Levi’s Google-powered smart jacket goes on sale next week

The question is whether this jacket is really worth the cost — after all, that’s a lot for denim. The key for the Levi’s Commuter jacket lies in a snap tag on the left sleeve cuff that allows you to interact with your phone right on the jacket using gestures, LEDs and haptic feedback. It’s not fully unobtrusive — from the pictures, it appears to protrude from the sleeve quite a bit — but it’s pretty small. But if you want a low key and simple way to interact with your phone (and you love denim jackets), you may want to check it out. You can see our early review here.

Levi’s Google-powered smart jacket goes on sale next week

The jacket is primarily aimed at bike commuters, and it would work well for this group. You can use the Jacquard app, available for iOS and Android, to customize what exactly your jacket can do. You can receive messages, send calls to voicemail, hear your next direction while biking, control your music and more. The tag charges via USB and the battery lasts for about two weeks. It’s removable, so the jacket is, presumably, washable.

You can visit jacquard.com/levi/specs on your mobile device to see if it’s compatible; generally, phones running Android 6.01 or newer will work. iOS users must have an iPhone 6 or later running iOS 10 or iOS 11. It’s likely this jacket will appeal to a very narrow set of people, especially considering its hefty price tag. But if it’s as thoughtfully made as it appears to be, it will probably attract some fans.

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Source URL:http://www.engadget.com/2017/09/25/levis-smart-jacket-project-jaquard-on-sale/

Office 365’s revamped web launchers put you to work sooner

Things promise to be simpler once you’re waist-deep in work, too. There’s a streamlined Office 365 web launcher that focuses just on the most common apps and those you use often, so you’re not wading through menus to return to a favorite tool. You can pin apps if you know you’ll need to use, them, and there’s a prominent recent documents section that will switch you back to that all-important report. If you’re not sure which app to use, you can explore recommended apps to get resources, install desktop apps and otherwise determine whether or not it’s the right tool for the job.

Microsoft expects these updates to reach Office 365 users “soon,” so don’t be surprised if they aren’t visible right away. Whenever you get them, it’s clear that Microsoft is increasingly treating Office’s web version as its own sort of operating system, not just as a collection of apps. This won’t necessarily lure you or your company to Google Apps, but it could make the Office experience more cohesive.

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Source URL:http://www.engadget.com/2017/09/24/microsoft-revamps-office-365-web-launchers/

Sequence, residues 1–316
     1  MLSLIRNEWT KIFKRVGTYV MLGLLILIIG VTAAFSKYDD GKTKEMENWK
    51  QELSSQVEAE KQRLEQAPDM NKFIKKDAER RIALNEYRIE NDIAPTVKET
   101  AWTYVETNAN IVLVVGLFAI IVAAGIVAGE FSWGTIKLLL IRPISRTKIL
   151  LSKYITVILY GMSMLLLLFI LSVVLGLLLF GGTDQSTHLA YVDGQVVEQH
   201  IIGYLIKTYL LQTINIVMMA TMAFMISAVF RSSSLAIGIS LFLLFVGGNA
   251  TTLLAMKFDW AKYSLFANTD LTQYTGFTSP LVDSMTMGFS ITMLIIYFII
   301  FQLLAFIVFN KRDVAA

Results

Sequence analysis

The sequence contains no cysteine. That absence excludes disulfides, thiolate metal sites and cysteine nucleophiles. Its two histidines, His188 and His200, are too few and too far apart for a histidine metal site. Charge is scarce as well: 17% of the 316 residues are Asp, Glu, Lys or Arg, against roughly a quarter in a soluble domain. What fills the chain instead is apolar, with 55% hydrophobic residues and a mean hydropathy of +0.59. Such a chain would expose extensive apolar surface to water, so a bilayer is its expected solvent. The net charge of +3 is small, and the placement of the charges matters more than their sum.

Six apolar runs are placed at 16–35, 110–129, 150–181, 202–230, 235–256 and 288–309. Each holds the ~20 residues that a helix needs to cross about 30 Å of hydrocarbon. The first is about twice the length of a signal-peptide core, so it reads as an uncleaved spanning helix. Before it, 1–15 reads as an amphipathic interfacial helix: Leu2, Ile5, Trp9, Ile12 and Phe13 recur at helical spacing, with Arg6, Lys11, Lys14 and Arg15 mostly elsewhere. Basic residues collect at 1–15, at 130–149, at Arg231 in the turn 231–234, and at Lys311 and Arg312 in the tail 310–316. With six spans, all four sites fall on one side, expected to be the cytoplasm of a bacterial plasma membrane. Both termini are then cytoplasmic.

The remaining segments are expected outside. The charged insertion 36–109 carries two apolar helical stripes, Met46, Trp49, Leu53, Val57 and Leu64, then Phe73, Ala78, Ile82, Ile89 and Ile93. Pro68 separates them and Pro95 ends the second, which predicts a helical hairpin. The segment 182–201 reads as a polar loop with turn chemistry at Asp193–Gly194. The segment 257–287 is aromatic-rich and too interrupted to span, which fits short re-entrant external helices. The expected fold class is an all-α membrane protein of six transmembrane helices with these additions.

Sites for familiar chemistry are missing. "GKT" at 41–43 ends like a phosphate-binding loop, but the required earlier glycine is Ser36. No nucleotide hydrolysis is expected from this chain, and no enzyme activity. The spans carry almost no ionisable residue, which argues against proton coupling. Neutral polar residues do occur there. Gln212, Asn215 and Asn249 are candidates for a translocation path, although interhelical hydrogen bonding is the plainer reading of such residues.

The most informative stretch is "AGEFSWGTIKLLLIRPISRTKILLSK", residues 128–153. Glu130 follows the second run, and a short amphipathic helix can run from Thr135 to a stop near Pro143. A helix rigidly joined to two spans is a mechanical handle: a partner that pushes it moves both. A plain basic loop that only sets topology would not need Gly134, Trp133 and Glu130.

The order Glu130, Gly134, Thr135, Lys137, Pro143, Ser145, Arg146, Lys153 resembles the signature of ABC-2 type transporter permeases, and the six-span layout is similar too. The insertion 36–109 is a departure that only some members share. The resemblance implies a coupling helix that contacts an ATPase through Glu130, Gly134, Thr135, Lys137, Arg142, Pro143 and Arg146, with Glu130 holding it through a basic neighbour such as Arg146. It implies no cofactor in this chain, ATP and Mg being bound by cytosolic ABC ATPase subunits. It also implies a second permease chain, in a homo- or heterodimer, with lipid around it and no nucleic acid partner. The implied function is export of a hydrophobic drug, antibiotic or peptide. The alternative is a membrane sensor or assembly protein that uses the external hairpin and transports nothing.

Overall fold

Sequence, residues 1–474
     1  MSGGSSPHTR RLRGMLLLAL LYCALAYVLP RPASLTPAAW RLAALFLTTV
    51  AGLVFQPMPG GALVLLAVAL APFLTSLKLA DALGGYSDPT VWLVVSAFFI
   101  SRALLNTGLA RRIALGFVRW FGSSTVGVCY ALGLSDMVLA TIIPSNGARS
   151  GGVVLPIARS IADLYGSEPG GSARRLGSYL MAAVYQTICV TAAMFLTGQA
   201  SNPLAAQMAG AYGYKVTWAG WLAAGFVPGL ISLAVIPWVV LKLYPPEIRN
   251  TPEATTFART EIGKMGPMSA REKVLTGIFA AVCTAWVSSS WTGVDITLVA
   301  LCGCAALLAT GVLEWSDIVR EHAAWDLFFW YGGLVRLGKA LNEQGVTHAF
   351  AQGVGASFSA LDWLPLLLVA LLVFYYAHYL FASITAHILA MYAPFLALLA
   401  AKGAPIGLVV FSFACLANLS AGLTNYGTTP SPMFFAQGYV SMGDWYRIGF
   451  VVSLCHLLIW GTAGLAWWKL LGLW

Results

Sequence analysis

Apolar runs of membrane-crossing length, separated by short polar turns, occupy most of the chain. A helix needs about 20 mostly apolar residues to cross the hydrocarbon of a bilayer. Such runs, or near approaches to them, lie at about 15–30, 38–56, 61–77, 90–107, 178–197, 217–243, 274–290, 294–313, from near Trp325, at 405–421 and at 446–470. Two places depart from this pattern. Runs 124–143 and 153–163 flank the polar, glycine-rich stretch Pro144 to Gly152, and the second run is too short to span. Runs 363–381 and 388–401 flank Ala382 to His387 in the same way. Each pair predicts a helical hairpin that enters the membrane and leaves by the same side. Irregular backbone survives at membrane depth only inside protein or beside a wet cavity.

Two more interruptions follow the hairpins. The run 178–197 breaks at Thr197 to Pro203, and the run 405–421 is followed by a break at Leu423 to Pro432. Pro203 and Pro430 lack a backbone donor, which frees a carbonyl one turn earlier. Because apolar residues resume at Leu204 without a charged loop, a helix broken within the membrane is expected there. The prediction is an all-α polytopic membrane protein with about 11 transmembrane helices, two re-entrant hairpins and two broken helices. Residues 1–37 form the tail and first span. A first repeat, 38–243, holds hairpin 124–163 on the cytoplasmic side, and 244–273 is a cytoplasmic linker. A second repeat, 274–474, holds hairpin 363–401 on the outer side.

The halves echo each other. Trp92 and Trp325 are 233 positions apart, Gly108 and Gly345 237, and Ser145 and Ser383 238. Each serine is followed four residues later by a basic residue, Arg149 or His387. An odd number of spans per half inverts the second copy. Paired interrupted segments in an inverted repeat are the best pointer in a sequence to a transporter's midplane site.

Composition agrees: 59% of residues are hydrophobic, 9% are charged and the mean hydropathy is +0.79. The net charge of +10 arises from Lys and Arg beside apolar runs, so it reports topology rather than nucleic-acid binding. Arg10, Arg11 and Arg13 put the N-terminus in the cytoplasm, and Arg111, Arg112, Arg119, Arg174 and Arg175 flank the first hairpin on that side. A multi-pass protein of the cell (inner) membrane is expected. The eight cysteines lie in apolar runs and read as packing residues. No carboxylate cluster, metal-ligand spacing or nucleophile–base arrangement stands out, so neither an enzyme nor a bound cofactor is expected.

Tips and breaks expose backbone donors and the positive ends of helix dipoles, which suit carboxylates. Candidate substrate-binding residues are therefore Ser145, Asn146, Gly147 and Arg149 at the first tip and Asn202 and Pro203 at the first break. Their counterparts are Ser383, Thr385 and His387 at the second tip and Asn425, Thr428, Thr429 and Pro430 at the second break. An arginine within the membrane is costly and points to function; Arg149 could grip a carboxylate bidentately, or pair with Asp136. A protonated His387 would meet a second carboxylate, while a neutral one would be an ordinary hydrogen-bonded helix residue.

Google Daydream’s web-browsing features surface in Chrome

Through Chrome 61, users can now browse and interact with websites in VR. Just open up a website on Chrome and then slip your phone into a Daydream View headset and you’ll be able use any website as well as take advantage of immersive viewing with sites supporting WebVR.

With these first steps, Google joins Samsung and Oculus in offering VR web browsing. Oculus’ Carmel VR browser is currently in developer preview, while Samsung’s Internet for Gear VR browser has been around for a little while now. But Beaufort says this is just the start for Chrome. In his post, Beaufort said, “This is just the beginning for web browsing in VR so stay tuned, there’s more to come!”

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Source URL:http://www.engadget.com/2017/09/22/google-daydream-web-browsing-features-chrome/

Facebook accused of supporting ‘ethnic cleansing’ in Myanmar

The company confirmed that it had blacklisted posts by ARSA to official Zaw Htay, who posted a screenshot to their Facebook page. The statement says that “dangerous organizations are not allowed to use our services and we also remove content that supports or praises such groups.” It’s believed that the site has also suppressed images and video of Rohingya Muslims being tortured and killed.

Rohingya Muslims have a contentious status in Myanmar, and are considered a stateless minority in the mostly Buddhist country. They are considered to be deeply persecuted, which prompted a Rohingya militia group to attack police posts in late August, killing 12. In response, Myanmar’s government retaliated with a program of violence that Zeid Ra’ad Al Hussein, UN High Commissioner for Human Rights, describes as “clearly disproportionate.” More than 300,000 Rohingya have now fled their home after their villages were burned and fleeing civilians have been allegedly gunned down. Al Hussein describes Myanmar’s actions as a a “textbook example of ethnic cleansing.”

In a statement, Facebook said that it is “only removing graphic content when it is shared to celebrate the violence, versus raising awareness and condemning the action.” Spokesperson Ruchika Budhraja added that the company is “reviewing content against our Community Standards, and, when alerted to errors, quickly resolving them and working to prevent them from happening again.” The company has also affirmed that it chose to mark ARSA as a dangerous organization without the intervention of Myanmar’s government.

Subsequently, a Facebook spokesperson sent Engadget the following statement:

“We allow people to use Facebook to challenge ideas and raise awareness about important issues, but we will remove content that violates our Community Standards. These include hate speech, fake accounts, and dangerous organizations.